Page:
The truth of the first decades of the 21st century, a truth that helped give us the Trump presidency but will still be an important truth when he is gone, is that we probably aren’t entering a 1930-style crisis for Western liberalism or hurtling forward toward transhumanism or extinction.
Instead, we are aging, comfortable and stuck, cut off from the past and no longer optimistic about the future, spurning both memory and ambition while we await some saving innovation or revelation, growing old unhappily together in the light of tiny screens.
Why it matters:
[T]rue dystopias are distinguished, in part, by the fact that many people inside them don’t realize that they’re living in one, because human beings are adaptable enough to take even absurd and inhuman premises for granted.
If we feel that elements of our own system are, shall we say, dystopia-ish — from the reality-television star in the White House to the addictive surveillance devices always in our hands; from the drugs and suicides in our hinterlands to the sterility of our rich cities — then it’s possible that an outsider would look at our decadence and judge it more severely still. [AXIOS]
The Age of Decadence
Cut the drama. The real story of the West in the 21st century is one of stalemate and stagnation.
An Opinion columnist and the author of the forthcoming book “The Decadent Society,” from which this essay is adapted.
“…civilization has entered into decadence,” in the classic sense of the word — “a lack of resolution in the face of threats,” with “hints at exhaustion, finality.”
Following in the footsteps of the great cultural critic Jacques Barzun, we can say that decadence refers to economic stagnation, institutional decay and cultural and intellectual exhaustion at a high level of material prosperity and technological development. Under decadence, Barzun wrote, “The forms of art as of life seem exhausted, the stages of development have been run through. Institutions function painfully. Repetition and frustration are the intolerable result.” He added, “When people accept futility and the absurd as normal, the culture is decadent.” And crucially, the stagnation is often a consequence of previous development: The decadent society is, by definition, a victim of its own success.
Note that this definition does not imply a definitive moral or aesthetic judgment. (“The term is not a slur,” Barzun wrote. “It is a technical label.”) A society that generates a lot of bad movies need not be decadent; a society that makes the same movies over and over again might be. A society run by the cruel and arrogant might not be decadent; a society where even the wise and good can’t legislate might be. A crime-ridden society isn’t necessarily decadent; a peaceable, aging, childless society beset by flares of nihilistic violence looks closer to our definition.
Nor does this definition imply that decadence is necessarily an overture to a catastrophe, in which Visigoths torch Manhattan or the coronavirus has dominion over all. History isn’t always a morality play, and decadence is a comfortable disease: The Chinese and Ottoman empires persisted for centuries under decadent conditions, and it was more than 400 years from Caligula to the actual fall of Rome.
“What fascinates and terrifies us about the Roman Empire is not that it finally went smash,” wrote W.H. Auden of that endless autumn, but rather that “it managed to last for four centuries without creativity, warmth, or hope.”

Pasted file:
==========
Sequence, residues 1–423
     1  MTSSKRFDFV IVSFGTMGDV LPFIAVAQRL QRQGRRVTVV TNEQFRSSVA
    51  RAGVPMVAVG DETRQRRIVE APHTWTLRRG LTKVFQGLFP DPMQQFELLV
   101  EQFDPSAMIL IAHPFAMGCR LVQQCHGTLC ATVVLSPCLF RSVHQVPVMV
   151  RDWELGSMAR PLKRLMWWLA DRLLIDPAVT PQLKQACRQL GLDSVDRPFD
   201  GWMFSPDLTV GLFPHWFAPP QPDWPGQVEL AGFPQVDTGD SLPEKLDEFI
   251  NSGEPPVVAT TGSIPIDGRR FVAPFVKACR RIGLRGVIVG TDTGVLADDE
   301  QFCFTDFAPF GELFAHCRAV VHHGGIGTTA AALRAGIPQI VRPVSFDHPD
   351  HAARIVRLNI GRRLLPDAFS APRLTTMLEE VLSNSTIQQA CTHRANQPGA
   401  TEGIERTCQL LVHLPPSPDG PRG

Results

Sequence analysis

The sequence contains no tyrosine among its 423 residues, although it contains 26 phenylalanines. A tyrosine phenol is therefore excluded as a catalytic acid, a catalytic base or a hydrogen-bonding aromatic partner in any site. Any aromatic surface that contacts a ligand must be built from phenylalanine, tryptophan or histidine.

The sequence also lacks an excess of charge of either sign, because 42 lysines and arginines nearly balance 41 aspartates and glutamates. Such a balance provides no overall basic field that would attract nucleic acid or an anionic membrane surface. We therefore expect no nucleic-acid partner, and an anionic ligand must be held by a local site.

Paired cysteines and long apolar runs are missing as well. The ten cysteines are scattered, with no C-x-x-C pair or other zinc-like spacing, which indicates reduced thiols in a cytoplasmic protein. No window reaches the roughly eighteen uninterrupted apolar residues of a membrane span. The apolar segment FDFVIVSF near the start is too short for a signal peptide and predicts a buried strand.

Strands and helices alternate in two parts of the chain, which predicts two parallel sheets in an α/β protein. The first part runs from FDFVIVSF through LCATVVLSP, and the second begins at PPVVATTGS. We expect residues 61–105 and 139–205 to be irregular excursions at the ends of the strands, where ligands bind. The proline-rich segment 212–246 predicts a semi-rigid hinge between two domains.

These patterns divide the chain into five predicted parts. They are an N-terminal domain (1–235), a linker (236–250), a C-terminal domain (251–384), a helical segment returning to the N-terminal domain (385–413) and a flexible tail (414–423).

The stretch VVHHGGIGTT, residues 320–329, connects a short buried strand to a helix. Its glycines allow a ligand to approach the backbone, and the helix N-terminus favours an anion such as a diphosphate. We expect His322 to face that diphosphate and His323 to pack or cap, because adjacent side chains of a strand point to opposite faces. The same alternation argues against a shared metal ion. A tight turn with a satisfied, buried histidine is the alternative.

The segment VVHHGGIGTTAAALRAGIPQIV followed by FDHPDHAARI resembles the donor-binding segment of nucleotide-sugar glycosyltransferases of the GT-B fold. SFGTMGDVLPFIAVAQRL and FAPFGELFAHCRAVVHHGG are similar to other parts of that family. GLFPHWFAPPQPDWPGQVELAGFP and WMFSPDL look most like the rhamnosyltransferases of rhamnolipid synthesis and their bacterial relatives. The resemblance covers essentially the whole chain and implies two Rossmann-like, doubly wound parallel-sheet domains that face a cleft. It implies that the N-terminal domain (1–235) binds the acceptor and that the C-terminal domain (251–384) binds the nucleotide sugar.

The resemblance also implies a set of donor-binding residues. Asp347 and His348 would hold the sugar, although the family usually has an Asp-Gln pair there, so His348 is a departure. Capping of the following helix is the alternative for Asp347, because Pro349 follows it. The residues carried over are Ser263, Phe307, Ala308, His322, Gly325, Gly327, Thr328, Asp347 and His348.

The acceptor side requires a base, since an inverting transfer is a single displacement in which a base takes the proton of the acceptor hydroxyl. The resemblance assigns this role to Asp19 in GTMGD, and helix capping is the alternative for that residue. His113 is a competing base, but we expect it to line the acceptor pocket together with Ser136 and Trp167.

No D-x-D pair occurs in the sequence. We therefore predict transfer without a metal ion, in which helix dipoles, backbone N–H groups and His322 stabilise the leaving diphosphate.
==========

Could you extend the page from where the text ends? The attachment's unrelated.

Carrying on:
Close Twitter, log off Facebook, turn off cable television, and what do you see in the Trump-era United States? Campuses in tumult? No: The small wave of campus protests, most of them focused around parochial controversies, crested before Trump’s election and have diminished since. Urban riots? No: The post-Ferguson flare of urban protest has died down. A wave of political violence? A small spike, maybe, but one that’s more analogous to school shootings than to the political clashes of the 1930s or ’60s, in the sense that it involves disturbed people appointing themselves knights-errant and going forth to slaughter, rather than organized movements with any kind of concrete goal.
The madness of online crowds, the way the internet has allowed the return of certain forms of political extremism and the proliferation of conspiracy theories — yes, if our decadence is to end in the return of grand ideological combat and street-brawl politics, this might be how that ending starts.
But our battles mostly still reflect what Barzun called “the deadlocks of our time” — the Kavanaugh Affair replaying the Clarence Thomas hearings, the debates over political correctness cycling us backward to fights that were fresh and new in the 1970s and ’80s. The hysteria with which we’re experiencing them may represent nothing more than the way that a decadent society manages its political passions, by encouraging people to playact extremism, to re-enact the 1930s or 1968 on social media, to approach radical politics as a sport, a hobby, a kick to the body chemistry, that doesn’t put anything in their relatively comfortable late-modern lives at risk.
Complaining about decadence is a luxury good — a feature of societies where the mail is delivered, the crime rate is relatively low, and there is plenty of entertainment at your fingertips. Human beings can still live vigorously amid a general stagnation, be fruitful amid sterility, be creative amid repetition. And the decadent society, unlike the full dystopia, allows those signs of contradictions to exist, which means that it’s always possible to imagine and work toward renewal and renaissance.
‘…thinking seriously about how to rebuild after DT leaves office, and how to create a political life that exists outside him and is not dependent on him as its source of terrible gravity.’